|The 32nd ICC on the coast of host town San Narciso, Zambales.|
The Philippines joined the annual global observance of the 32nd International Coastal Cleanup (ICC) Day on Saturday, 16 September 2017 with the theme, “Together for our Ocean”.
Zambales was the focal province for the national observance led by ICC Philippines. San Narciso, our hometown, with an estimated 11,000 volunteers from its seventeen barangays, played host to provincial, regional and national government officials, CSOs and NGOs.
This year, the aim was to surpass the 2015 number of volunteers but also to promote Zambales as an environment-focused province. Hence, the vision of creating an e-cropolis in the vicinity of Mt. Tapulao in Palauig, a mountain area cooler than Baguio, an ideal site for retirement houses of local and foreign seniors, and for an international convention center.
|Students and teachers walked a kilometer from the town plaza to the cleanup site.|
San Narciso town was conveniently accessible to the volunteers from outside the province being midway between Subic and Iba. It is the surfing capital of the province. It is also implements a marine biodiversity management flagship program-- marine turtle conservation and protection, the only one in Zambales--and this month happens to be the start of the nesting season of the Olive ridley species..
This year’s ICC Day is the fourteenth observance in the Philippines after its commitment through Presidential Proclamation No. 470 issued on 15 September 2003. There was no nationwide observance last year, however, because the government declared a state of lawlessness. The Ocean Observancy accepted the cancellation for the safety of volunteers.
|ICC observance in the Philippines in September 2015.|
(Source: ICC Philippines 2015 Report)
In the 30th ICC Day in 2015 though, the Philippines was the top participating countty with 256,904 volunteers from 47 provinces, who cleaned up 1,162.8 kms of coastline, collecting 301,772 kgs of trash in the process. Of the total number of volunteers, 308 used watercraft, and 296 went underwater, to collect debris.
Zambales was number one in the top 10 of volunteers, followed by Batangas, Metro Manila, La Union, Cebu, Cavite, Antique, Catanduanes, Pangasinan and Leyte, in that order.
The province had 89,042 volunteers who collected 8,902 bags of trash that weighed approximately 61,407 kg from an estimated 372.1 km-long coastland, the longest in the list. The total of debris items collected was 5,392,915. Of these, the top ten debris amounted to 3,394,304 items comprising from the largest to the smallest: food wrappers (1,208,950), cigarette butts, straws/stirrers, other plastic bags, grocery plastic bags, plastic bottle caps, plastic take-out/away containers, plastic beverage bottles, plastic lids, and plastic cups and plates (140,545).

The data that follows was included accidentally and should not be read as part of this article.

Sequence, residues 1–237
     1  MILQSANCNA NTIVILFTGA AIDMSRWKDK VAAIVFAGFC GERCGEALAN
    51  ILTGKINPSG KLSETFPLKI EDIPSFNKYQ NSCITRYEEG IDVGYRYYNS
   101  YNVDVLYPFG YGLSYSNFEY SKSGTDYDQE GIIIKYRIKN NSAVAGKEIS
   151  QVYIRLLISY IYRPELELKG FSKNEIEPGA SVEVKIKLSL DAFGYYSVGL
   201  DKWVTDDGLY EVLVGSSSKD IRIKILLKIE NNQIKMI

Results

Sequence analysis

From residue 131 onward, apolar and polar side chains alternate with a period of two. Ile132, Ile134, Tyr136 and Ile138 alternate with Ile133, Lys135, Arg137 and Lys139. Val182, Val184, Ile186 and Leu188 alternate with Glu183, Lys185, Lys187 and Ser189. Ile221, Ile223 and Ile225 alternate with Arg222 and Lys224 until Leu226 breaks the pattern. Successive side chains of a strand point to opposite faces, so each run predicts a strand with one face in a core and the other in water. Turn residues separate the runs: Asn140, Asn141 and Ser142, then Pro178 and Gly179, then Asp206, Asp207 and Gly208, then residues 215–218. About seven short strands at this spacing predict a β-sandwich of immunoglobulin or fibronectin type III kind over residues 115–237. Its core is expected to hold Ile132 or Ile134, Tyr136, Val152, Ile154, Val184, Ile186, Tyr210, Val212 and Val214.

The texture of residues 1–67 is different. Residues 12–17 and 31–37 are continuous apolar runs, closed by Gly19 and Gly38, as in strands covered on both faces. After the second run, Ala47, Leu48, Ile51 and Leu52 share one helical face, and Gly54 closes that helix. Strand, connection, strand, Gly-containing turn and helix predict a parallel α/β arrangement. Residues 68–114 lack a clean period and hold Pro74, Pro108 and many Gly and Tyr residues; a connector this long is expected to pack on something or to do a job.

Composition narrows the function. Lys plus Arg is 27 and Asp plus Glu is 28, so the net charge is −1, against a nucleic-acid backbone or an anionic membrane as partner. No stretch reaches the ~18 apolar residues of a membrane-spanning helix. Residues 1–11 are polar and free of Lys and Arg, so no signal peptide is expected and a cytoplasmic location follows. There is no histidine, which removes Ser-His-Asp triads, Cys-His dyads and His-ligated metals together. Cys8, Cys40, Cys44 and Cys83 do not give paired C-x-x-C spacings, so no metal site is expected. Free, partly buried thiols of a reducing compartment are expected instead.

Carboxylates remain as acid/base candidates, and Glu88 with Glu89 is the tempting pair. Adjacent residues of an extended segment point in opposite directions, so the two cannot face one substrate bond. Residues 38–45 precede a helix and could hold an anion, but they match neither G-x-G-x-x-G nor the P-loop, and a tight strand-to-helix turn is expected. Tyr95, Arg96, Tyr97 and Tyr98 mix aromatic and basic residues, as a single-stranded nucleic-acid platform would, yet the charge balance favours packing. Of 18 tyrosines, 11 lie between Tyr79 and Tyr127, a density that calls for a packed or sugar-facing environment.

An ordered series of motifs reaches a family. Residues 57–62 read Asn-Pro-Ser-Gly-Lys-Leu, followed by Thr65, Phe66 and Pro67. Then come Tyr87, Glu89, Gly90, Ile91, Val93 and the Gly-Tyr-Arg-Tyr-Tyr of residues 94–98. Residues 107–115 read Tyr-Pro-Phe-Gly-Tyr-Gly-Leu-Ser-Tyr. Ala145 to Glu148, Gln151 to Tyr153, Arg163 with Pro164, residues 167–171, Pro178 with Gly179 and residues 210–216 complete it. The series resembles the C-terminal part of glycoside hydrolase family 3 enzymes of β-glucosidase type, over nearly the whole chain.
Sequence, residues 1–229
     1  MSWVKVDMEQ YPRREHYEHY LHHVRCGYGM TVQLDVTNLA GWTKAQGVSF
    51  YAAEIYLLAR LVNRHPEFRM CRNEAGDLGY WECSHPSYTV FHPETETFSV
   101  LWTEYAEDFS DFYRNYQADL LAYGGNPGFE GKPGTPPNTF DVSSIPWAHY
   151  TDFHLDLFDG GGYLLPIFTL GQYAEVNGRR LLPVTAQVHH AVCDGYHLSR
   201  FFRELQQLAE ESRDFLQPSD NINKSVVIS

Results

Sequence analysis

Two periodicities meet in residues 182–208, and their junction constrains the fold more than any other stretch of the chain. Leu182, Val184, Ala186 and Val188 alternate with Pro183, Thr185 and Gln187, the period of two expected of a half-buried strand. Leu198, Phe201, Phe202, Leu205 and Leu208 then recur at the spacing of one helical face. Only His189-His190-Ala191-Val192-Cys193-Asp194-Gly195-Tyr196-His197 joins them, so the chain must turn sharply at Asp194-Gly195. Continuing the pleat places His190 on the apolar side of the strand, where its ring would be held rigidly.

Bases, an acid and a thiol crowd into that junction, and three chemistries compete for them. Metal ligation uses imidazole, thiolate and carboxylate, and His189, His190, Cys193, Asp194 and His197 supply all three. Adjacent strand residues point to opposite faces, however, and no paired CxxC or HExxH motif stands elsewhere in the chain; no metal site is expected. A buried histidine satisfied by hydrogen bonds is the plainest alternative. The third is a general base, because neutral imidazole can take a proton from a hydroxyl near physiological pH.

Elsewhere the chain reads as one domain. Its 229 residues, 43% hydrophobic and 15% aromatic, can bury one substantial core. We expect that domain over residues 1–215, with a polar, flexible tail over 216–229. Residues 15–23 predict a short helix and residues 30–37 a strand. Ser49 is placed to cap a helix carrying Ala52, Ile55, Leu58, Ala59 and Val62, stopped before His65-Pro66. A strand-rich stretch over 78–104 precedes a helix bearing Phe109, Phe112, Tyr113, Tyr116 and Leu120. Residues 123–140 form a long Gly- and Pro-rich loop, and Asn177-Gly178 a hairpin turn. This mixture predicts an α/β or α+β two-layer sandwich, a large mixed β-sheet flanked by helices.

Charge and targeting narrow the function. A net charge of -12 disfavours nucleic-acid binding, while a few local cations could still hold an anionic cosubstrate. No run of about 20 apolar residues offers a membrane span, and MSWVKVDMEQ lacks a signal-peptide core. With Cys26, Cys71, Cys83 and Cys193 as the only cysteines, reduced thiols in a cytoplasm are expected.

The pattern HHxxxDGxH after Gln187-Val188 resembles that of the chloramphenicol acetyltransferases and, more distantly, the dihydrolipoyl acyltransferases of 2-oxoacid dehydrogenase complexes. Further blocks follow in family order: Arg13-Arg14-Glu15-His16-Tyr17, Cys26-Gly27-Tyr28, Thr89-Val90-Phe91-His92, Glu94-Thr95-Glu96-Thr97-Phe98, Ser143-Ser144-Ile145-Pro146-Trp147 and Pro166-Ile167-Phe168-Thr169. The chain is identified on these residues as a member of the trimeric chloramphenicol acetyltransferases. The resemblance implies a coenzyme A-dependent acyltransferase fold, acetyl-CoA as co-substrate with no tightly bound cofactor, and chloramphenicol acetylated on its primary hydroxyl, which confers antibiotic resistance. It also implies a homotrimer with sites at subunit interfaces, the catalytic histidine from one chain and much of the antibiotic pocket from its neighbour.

Last year’s 31st ICC Day, with the non-participation of the Philippines, the top three participating countries were the United States (183,321 volunteers), Hongkong (76,311), and Canada (24,475).
|The Top 20 participating countries in ICC Day 2016 and weird items found in the marine debris.|
(Source: Ocean Observancy's ICC 2017 Report)
There were 504,583 volunteers from 112 countries and locations who collected 8,346,055 kgs of marine debris from along 24,136 kms of beaches, coasts and waterways, comprising 13,840,398 debris items.
|Top 10 items collected in the Philippines on ICC Day 2015.|
Source: ICC Philippines 2015 Report.
The ICC was initiated by Ocean Conservancy in 1986 is the largest volunteer effort held annually every third Saturday of September to deal with trash, one of the biggest threats to the oceans.
On ICC Day, volunteers around the world remove trash and debris from beaches, waterways and other water bodies, identify the source of the debris, and record information on the debris collected. These activities can ‘change behaviors that cause pollution [and] raise awareness on the extent of the marine debris problem,’ and data analysis of results can ‘aid in better-informed policy decisions and improved solid waste management programs.’
Volunteers record the kind and material composition of objects they collect. The information is ‘instrumental in helping determine the effects that specific materials are having on ocean habitats. … scientists and ocean advocates will be able to identify the best remedies and advocate for solutions that will lead to a healthier ocean.’
|Top 10 items collected worldwide on ICC Day 2016.|
(Source: Ocean Obsservancy's ICC 2017 Report)
According to Nicholas Mallos, conservation biologist and marine debris specialist of Ocean Conservancy: ‘The ability to pinpoint the types and amounts of material on beaches and in the ocean – not just the kinds of products – makes the data more informative when supporting marine debris policy.’